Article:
, a celebrated ancient architect of Macedonia, of whom several extraordinary things are related. He was taken, by Alexander the Great, into Egypt, where he employed him in marking out and building the city of Alexandria. He formed a design, in which Mount Athos was to be laid out into the form of a man, in whose left hand were designed the walls of a great city, and all the rivers of the mount flowing into his right, and from thence into the sea. Another memorable instance of Dinocrates's architectonic skill, is his restoring and building, in a more august and magnificent manner than before, the celebrated temple of Diana at Ephesus, after Herostratus, for the sake of immortalizing his name, had destroyed it by fire. A third instance, more extraordinary and wonderful than either of the former, is related by Pliny in his Natural History; who says he had formed a scheme, by building the dome of the temple of Arsinoë at Alexandria of loadstone, to make her image all of iron to hang in the middle of it, as if it were in the air; but the king's death, and his own, prevented the execution or attempt of this project.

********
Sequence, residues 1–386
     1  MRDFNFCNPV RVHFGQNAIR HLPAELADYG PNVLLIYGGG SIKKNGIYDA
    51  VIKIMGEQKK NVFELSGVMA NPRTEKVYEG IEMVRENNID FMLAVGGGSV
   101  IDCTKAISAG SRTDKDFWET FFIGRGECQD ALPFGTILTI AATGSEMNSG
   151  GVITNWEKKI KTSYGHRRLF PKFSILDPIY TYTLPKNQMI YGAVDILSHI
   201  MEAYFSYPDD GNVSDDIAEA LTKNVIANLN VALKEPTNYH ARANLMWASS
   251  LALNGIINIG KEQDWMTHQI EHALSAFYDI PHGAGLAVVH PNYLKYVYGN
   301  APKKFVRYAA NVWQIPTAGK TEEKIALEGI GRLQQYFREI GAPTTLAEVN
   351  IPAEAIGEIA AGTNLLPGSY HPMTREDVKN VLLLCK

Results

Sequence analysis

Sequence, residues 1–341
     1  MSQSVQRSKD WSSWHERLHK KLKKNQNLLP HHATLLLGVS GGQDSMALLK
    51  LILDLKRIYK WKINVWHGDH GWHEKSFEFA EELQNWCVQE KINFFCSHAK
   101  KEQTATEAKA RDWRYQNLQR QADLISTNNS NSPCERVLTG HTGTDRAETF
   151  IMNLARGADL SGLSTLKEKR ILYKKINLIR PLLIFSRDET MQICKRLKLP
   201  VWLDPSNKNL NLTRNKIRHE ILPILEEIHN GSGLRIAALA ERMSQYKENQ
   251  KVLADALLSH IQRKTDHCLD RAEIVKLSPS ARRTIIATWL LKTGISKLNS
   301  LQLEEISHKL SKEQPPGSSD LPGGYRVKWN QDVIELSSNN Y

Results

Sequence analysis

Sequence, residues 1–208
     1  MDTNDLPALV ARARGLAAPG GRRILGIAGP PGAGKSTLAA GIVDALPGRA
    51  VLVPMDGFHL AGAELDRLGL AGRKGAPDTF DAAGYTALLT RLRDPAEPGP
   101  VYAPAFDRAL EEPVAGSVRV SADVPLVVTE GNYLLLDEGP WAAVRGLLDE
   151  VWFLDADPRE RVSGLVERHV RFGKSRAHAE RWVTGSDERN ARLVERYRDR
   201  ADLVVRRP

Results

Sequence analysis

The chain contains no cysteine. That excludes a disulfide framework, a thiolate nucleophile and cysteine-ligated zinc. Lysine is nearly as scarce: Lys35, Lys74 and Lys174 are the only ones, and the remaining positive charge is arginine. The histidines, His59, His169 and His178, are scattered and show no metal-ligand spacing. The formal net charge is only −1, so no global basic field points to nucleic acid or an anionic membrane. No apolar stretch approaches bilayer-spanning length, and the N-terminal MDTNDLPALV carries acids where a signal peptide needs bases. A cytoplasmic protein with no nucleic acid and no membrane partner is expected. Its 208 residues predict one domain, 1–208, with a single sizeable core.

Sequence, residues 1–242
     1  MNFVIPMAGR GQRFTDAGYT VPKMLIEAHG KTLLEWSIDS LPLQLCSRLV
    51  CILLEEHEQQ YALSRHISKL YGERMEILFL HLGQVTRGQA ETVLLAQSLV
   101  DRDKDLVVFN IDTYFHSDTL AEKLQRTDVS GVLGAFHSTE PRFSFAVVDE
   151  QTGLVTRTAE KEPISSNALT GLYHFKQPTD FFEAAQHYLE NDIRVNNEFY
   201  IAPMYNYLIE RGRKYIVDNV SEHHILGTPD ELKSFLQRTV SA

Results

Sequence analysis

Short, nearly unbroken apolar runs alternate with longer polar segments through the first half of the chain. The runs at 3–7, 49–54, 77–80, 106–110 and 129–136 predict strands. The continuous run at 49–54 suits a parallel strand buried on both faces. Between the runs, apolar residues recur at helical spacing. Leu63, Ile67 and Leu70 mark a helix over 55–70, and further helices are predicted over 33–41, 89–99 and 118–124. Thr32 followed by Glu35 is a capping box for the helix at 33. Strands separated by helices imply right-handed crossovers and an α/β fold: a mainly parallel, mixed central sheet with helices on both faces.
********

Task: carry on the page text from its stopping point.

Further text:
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Entry taken from A Mathematical and Philosophical Dictionary, by Charles Hutton, 1796.

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